Bad Tölz, Germany (part 4)

Time to hear from the other half of The Culinary Couple!

As the old adage goes, home is where the Army sends you, and for three years Bad Tölz was home to the Wiley family.

Bad Tölz is a quintessential Bavarian town located at the foothills of the Alps. It is also the birthplace of yours truly; what’s there not to like about it??

The clear blue Isar River is the line of demarcation between the old and new city. Emmie and I began our visit to the historic town center on the right side of the Isar. After parking the car, we walked along the picturesque Marktstraße, or Market Street. Unfortunately, most of the stores were closed because it was Sunday, but that didn’t stop us from window-shopping for dirndls and lederhosen (still common garb among locals) and browsing the cozy cafes and chocolate shops. What we found so charming about Bad Tölz were the colorful frescoes (called Lüftmalerei) that adorn buildings and houses, like fingerprints of centuries past.

At the top of the cobblestone street was the Baroque church Mühlfeldkirche, we glanced inside for a quick peek of the ornate décor.

Next we hiked our way up the Kalvarienberg (Calvary Mountain), past the 14 stations of the cross, to Saint Leonard’s Chapel. The chapel was built in 1718 and overlooks the city of Bad Tölz.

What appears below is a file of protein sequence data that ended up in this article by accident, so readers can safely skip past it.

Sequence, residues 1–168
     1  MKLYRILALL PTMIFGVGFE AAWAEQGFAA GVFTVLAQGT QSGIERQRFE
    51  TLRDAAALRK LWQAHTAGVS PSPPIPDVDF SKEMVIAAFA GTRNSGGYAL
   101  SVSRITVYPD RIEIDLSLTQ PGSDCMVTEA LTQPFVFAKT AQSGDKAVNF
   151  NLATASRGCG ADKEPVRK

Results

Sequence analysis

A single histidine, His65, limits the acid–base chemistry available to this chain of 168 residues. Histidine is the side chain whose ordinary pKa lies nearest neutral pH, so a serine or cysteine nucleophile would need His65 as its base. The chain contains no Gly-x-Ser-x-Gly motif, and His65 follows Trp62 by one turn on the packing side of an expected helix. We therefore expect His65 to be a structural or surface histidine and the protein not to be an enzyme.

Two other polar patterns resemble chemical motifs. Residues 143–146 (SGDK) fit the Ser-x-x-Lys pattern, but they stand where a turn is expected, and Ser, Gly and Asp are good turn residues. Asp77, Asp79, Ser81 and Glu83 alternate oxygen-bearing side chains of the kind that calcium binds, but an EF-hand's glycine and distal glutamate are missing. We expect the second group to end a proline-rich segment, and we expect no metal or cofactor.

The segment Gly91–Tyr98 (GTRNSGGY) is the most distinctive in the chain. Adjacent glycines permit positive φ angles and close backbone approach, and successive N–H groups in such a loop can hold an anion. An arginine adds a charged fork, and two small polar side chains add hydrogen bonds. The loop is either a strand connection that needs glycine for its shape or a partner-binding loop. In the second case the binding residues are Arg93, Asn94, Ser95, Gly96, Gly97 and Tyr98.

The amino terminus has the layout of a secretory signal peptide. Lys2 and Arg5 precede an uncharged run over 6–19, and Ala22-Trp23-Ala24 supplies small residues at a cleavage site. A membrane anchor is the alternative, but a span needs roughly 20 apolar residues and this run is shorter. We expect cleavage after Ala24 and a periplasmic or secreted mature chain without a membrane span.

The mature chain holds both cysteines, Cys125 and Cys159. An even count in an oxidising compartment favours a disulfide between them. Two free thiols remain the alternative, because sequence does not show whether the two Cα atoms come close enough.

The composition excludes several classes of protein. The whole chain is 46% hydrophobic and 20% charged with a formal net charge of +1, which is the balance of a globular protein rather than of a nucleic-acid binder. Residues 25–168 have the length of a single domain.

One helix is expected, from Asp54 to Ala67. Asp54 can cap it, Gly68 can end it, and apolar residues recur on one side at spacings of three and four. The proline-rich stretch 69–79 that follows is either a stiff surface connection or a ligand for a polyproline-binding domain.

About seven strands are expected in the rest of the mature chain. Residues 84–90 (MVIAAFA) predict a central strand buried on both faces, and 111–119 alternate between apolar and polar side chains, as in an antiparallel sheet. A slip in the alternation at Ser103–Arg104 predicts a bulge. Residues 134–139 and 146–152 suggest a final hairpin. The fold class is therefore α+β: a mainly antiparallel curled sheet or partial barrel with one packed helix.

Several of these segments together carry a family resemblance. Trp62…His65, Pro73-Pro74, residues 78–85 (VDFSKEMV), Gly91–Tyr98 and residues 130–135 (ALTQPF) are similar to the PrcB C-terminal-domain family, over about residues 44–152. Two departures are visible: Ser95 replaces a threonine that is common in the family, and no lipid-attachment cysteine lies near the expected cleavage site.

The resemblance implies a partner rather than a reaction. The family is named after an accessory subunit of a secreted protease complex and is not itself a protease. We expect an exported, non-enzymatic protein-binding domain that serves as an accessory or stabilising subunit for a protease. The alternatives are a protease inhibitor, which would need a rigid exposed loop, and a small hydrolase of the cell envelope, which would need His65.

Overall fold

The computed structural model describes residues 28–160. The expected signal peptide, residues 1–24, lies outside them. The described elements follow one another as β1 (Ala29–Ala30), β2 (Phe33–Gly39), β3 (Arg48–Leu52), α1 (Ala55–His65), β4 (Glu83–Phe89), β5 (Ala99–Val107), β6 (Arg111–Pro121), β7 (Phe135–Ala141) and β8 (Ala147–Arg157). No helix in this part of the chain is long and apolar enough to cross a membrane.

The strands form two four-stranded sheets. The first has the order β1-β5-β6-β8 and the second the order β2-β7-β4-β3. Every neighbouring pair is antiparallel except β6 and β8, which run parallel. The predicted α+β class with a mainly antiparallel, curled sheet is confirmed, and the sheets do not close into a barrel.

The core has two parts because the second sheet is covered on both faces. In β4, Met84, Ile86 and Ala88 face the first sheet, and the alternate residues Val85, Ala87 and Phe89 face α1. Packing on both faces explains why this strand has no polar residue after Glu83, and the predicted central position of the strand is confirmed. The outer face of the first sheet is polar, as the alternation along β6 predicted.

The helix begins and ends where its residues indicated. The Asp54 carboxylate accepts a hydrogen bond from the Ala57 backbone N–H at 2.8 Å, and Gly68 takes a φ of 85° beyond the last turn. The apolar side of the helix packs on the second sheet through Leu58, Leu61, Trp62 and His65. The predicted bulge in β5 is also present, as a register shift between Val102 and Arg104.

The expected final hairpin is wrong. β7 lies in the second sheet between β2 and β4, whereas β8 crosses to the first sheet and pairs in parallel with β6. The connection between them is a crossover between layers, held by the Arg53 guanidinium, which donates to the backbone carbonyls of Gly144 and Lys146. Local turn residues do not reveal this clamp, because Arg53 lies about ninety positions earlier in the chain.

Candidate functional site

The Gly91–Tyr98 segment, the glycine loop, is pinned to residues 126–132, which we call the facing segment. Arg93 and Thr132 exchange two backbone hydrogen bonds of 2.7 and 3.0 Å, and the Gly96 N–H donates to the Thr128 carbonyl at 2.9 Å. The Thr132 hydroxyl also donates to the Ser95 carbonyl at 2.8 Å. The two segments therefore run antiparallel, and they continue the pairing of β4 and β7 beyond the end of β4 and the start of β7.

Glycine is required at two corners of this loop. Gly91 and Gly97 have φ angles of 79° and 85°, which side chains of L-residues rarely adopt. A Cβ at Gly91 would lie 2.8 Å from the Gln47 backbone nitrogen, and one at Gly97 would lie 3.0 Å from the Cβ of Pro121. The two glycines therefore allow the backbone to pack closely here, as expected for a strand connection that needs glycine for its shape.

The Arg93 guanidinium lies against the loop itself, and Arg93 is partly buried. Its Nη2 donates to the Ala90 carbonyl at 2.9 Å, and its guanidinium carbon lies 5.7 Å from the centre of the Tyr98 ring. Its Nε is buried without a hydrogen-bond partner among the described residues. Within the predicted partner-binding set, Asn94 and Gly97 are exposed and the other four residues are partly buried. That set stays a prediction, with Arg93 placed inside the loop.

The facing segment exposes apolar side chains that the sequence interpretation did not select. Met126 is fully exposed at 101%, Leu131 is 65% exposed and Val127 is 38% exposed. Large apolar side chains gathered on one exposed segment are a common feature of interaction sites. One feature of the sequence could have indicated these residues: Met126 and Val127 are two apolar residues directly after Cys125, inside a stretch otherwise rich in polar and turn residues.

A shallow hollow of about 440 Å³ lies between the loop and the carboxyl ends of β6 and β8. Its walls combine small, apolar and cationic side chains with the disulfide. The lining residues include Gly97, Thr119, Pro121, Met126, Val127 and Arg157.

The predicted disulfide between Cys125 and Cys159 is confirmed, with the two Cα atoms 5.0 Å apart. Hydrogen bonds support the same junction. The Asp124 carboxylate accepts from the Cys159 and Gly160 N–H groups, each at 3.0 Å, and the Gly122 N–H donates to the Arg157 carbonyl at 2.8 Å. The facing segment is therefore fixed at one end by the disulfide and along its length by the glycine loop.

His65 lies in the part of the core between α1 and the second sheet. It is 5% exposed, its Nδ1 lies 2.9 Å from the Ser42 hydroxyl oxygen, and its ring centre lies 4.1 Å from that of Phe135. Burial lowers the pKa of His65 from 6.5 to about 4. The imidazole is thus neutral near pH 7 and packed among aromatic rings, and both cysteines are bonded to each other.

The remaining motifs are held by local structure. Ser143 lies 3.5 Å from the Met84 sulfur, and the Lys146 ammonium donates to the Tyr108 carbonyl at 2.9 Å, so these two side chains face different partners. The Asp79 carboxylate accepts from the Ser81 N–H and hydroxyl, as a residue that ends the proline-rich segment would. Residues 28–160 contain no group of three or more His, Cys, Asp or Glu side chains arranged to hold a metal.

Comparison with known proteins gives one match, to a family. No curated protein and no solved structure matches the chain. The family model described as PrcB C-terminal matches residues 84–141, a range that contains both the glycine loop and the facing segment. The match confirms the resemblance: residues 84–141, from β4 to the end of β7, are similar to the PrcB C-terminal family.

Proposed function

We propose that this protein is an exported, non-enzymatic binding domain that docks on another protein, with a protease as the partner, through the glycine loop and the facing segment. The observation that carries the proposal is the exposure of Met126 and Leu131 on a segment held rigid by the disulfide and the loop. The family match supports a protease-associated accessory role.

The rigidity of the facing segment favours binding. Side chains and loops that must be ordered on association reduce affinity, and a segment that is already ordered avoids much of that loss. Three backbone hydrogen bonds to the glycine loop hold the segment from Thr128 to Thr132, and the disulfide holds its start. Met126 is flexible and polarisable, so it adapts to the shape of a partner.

One peculiar aspect of this church is the jeweled skeletons on display under the altars of prayer. Apparently this was a way to honor saints and holy figures of the time. Both eerie and enthralling.

Our next destination took us to where it all began 28 years ago that day. We followed Krankenhaus Straße to the hospital where I was born. The yellow building on the hillside is now used for therapy/medical purposes and called Reha-Zentrum Isarwinkel. My wife made a very special shirt for the occasion.

{September, 1986}

Of course no birthday is complete without cake. The Bienenstich (bee sting cake) from Café Schuler came highly recommended by my godmother, Tess. Bienenstich is a classic German dessert made with sweet bread topped with honeyed almonds and filled with vanilla custard. Schmeckt gut!

Unfortunately, our time in Bad Tölz was short-lived, as we had our sights set on Munich’s Hofbrau Haus that afternoon. As we departed, we drove through the newer section of town with elegant spas and breathed in the fresh Alpine air.

Read previous recaps here. Next up: We drink bier.

2 thoughts on “Bad Tölz, Germany (part 4)

Leave a Reply

Your email address will not be published. Required fields are marked *